Previous Challenge Entry (Level 3 - Advanced)
Topic: AGREE TO DISAGREE (05/04/17)
- TITLE: A Cloud's Compassion
By Katy Foster
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A little tree stood awkwardly in the forest. No unique features adorned the tree – no blooms or distinct markings. Its entire frame was quite asymmetrical, rooted a notable space away from other trees, not because the little tree chose that space. It just happened to be the spot where its seed sprouted.
A small deer would rest beside the tree each day. Considering the tree had small roots, the land surrounding it was flat and soft for the deer. The tree felt that its task in life was to stand strong for this deer.
“It depends on me,” proudly explained the little tree to surrounding trees. They scoffed, as expected. The responses hurt the little tree, and its only refuge for praise was from a cloud that would pass by from time to time.
“Well done, Little Tree!” the cloud would exclaim, and shower the little tree with rain, like kisses, and the little tree felt loved.
On chilly days, the kindhearted cloud glided through the sky, moving other clouds with it, to reveal the bright sun. The rays of sun shined warmly on the little tree and the ground around it.
“Thank you,” whispered the little tree.
Days passed by in the large forest. Many trees lovingly held new baby birds. Others covered animals in the hollows of their trunks. Others burst with beautiful blooms accompanied by flittering butterflies and buzzing bees.
The little tree stood as strong as it could, careful not to envy, and joyfully awaiting the return of its companion. Its hope rested in the coming of that deer. However, sometimes the deer didn’t come, swooping the little tree into sadness.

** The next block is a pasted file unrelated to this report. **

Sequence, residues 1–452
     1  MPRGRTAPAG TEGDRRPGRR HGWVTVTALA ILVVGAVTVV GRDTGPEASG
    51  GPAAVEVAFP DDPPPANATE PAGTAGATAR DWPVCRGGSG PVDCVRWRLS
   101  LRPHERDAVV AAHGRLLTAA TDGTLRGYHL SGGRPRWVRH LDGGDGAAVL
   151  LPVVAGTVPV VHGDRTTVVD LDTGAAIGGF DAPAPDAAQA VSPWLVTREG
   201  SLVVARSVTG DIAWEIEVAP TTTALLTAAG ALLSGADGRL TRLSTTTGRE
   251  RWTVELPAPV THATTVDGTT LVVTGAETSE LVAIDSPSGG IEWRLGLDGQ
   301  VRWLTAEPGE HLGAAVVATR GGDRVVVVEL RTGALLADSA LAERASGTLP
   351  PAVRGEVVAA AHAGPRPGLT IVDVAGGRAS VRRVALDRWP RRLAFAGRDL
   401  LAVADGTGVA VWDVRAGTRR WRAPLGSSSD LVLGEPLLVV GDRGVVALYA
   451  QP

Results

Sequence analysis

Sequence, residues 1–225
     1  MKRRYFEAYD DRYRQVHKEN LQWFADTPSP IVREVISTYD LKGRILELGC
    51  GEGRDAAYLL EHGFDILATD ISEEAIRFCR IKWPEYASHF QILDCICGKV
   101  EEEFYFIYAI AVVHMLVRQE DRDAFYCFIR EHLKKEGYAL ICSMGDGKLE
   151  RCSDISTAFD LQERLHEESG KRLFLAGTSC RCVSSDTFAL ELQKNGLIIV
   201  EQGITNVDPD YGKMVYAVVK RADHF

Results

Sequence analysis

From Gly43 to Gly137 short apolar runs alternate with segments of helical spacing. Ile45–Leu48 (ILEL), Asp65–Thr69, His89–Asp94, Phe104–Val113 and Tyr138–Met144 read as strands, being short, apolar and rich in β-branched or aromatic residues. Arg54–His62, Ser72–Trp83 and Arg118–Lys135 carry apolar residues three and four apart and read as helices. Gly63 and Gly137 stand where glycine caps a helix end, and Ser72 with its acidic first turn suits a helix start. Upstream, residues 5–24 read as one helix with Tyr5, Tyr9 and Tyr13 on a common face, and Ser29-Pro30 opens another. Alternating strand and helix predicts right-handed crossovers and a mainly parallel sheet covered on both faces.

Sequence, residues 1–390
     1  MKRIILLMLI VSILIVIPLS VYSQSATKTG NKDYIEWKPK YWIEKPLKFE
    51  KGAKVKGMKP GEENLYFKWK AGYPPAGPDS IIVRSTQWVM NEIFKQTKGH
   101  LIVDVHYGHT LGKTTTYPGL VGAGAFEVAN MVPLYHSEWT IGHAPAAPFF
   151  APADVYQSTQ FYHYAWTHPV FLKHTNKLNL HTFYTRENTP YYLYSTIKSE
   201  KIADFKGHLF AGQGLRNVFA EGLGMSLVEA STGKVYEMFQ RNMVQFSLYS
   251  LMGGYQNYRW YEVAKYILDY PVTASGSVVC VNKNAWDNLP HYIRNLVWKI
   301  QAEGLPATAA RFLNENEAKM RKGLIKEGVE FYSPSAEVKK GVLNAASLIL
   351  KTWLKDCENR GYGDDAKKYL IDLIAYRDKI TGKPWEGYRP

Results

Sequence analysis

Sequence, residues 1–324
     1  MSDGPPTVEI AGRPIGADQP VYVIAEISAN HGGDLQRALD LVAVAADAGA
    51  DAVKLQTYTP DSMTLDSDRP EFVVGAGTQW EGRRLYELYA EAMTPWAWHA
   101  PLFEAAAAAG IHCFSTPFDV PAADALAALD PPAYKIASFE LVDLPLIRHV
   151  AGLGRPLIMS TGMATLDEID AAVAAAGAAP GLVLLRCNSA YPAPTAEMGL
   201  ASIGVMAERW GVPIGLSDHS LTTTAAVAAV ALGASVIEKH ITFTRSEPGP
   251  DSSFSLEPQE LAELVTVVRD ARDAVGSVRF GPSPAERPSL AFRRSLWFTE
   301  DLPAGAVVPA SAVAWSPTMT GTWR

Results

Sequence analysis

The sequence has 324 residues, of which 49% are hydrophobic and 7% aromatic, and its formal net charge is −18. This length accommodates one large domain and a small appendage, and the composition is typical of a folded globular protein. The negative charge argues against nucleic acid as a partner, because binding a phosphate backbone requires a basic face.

In late spring, a strong wind invited the leaves of the forest to dance, a fun experience for the entire forest. Yet, the hosting wind grew relentless. The little tree noticed her friend, the cloud, coming over the forest.
“Will you stop this wind, please?” requested the little tree.
“No, little tree. I won’t,” answered the cloud.
The cloud grew darker, releasing rain. The wind grew fiercer, and the little tree was scared. Trees were helplessly bending as the wind triumphed. All around the little tree, crashes and booms resounded. The cloud remained fierce over the little tree.
“Please help! I’m scared!” pleaded the little tree. Yet, the storm was so noisy, the little tree could not hear any reply from the cloud. The sky brightened with frightening lights and monstrous booms.
“Cloud! Cloud! Where are you? Please help me!” the little tree cried in pain from its fear.
The sky was so dark, the little tree did not see the cloud positioned over the little tree. The angry thunder and a bolt of lightning struck the little tree’s trunk. One side of the trunk curved over onto the ground with attached boughs and branches, invading the spot where the deer always rested. The rain pounded. The little tree was shocked in misery. There was nothing left that the little tree could do. It was greatly disfigured, and the little tree believed it had no purpose, and nothing.
After a few minutes, the storm subsided. A somber, quiet darkness engulfed the forest, as after a lost battle. As morning began to show its light, the tree could see that the cloud thickly stretched out over the ground of the forest, as if trying to hug every tree as tightly and closely as it could, including the little tree.
“Thank you, Cloud,” the little tree’s voice cracked. “I know I’ve never had much, but now I have less. I don’t know if I even have you.”
“Little Tree, you still have me, and you now have more,” gently replied the cloud.
“OK,” but the little tree’s grief rejected the words.
Days passed with no sign of the deer. Finally, one afternoon, the deer slowly ambled its way to the little tree, looking tired. Following the deer was a fawn. The mother settled down beside the tree, and she turned her head to look at the damaged tree. For some time, she stared sadly at the tree. The deer then scooted closer to the tree and laid its head on the ground in such a way to touch the trunk of the tree.
The fawn noticed the damaged branches lying on the ground, and found delight in scurrying underneath the branch. Here, the fawn found comfort; and here, the little tree felt the down of the fawn, hugged the fawn, and loved its family.
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